Epistaxis is bleeding from the nostril. At least 11% of all Americans have at least one nosebleed in their lifetime. Nosebleeds are very common in athletes who are involved in contact or collision activities, such as boxing, wrestling, hockey, and football.
There are two types of nosebleeds: anterior (front) (Fig. 1) and posterior (back) (Fig. 2). The anterior type is usually less severe, but can be more frightening because blood is seen oozing from the nostril. Unlike anterior nosebleeds, posterior nosebleeds are not easily visible because blood oozes down the back of the throat.
Anterior nosebleeds usually occur in younger patients as a result of injury to the nose or dry nasal membranes. Posterior nosebleeds usually occur in elderly patients in whom the vessels and arteries of the posterior nose become hardened and break.
Causes and risks
The most common cause of nosebleeds is trauma (sudden, forceful injury) to the nose. Trauma can cause broken nasal bones, which in turn can cause lacerations (cuts) to nasal membranes. Upper respiratory tract infection, allergies, drug inhalation, and sinusitis can cause swelling of the membranes, which leads to tissue that can bleed easily. Some drugs, such as aspirin, nosedrops, and blood thinners, and certain diseases, such as aplastic anemia, leukemia, hemophilia, Hodgkin's disease, rheumatic fever, arteriosclerosis, high blood pressure, thrombocytopenia (low platelet count), and liver disease, can also cause nosebleeds. Dry climates and high altitudes can cause vessels in the nose to bleed easily, especially when you blow your nose.
Signs and symptoms
In an anterior nosebleed, blood is usually seen running out of the nose. If the area of bleeding is close to the nostril, bright red blood can be seen. If the area of bleeding is deeper in the nose, the blood is usually dark red. Dizziness, rapid heartbeat, and shortness of breath can be experienced if a large amount of blood is lost.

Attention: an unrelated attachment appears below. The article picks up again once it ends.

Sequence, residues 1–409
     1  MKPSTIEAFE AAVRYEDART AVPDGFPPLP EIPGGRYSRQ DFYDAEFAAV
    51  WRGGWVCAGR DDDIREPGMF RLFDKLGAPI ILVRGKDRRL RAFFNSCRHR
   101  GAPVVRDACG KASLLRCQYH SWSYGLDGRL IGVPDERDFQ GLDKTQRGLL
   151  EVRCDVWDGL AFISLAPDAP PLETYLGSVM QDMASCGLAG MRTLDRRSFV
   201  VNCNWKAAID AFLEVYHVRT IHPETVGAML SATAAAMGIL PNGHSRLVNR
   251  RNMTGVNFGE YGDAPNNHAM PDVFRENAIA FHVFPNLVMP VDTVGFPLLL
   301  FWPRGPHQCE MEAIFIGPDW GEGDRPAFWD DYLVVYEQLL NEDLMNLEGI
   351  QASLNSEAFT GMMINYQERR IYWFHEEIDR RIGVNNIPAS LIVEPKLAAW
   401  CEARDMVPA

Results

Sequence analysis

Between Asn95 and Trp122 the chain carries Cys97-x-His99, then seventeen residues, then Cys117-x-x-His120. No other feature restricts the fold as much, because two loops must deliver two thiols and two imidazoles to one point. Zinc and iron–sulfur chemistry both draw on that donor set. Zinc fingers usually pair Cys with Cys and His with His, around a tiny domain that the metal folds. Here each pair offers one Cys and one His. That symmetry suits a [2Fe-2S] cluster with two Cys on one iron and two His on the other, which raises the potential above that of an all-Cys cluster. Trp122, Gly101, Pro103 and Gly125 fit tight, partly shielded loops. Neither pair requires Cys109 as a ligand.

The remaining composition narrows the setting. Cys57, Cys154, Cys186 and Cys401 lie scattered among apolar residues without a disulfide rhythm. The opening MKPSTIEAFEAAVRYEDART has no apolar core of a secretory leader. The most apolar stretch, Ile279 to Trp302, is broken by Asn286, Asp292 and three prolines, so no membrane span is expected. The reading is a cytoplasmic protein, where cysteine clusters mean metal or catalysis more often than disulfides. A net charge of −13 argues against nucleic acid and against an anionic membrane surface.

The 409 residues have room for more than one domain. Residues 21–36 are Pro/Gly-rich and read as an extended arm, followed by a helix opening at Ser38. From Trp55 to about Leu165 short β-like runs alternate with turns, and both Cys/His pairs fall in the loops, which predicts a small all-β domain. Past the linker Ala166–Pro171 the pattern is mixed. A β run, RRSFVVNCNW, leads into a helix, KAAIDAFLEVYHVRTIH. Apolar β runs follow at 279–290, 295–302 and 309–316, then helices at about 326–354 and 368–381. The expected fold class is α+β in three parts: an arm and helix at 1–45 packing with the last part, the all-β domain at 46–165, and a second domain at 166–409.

Since most nosebleeds come from direct trauma, using protective equipment for the head and face during athletic activities can reduce the chance of injury. Treatment for any underlying medical condition can also prevent nosebleeds. During winter months and in dry climates, humidifying the air can help moisturize nasal passages and prevent overly dry nasal tissue.
Most nosebleeds can be controlled with simple treatment. Sit up with your head bent forward. Using your thumb and index finger, pinch the nostril for at least 5 minutes. If bleeding continues, keep pinching the nostril for another 10 minutes. Pinching the nose allows the blood to clot and seal off the bleeding vessel. Ice wrapped in a towel or plastic bag can be applied to the nose, while it is being pinched, to help stop the bleeding. Ice causes constriction of the bleeding vessels. Don't blow your nose for at least 12-24 hours because that can dislodge the blood clot. It is also important to remain quiet and not talk excessively, which could cause you to inhale blood. Normal activity can be resumed if the bleeding has stopped for at least 24 hours. If the bleeding does not stop, or if there has been an injury such as a broken nose, a doctor's treatment should be sought. A doctor can insert gauze into the nostril to place direct pressure on the bleeding vessel. If bleeding still continues, your doctor can prescribe certain medications or perform certain procedures to help stop the bleeding.
Raymond C. Hui, M.D.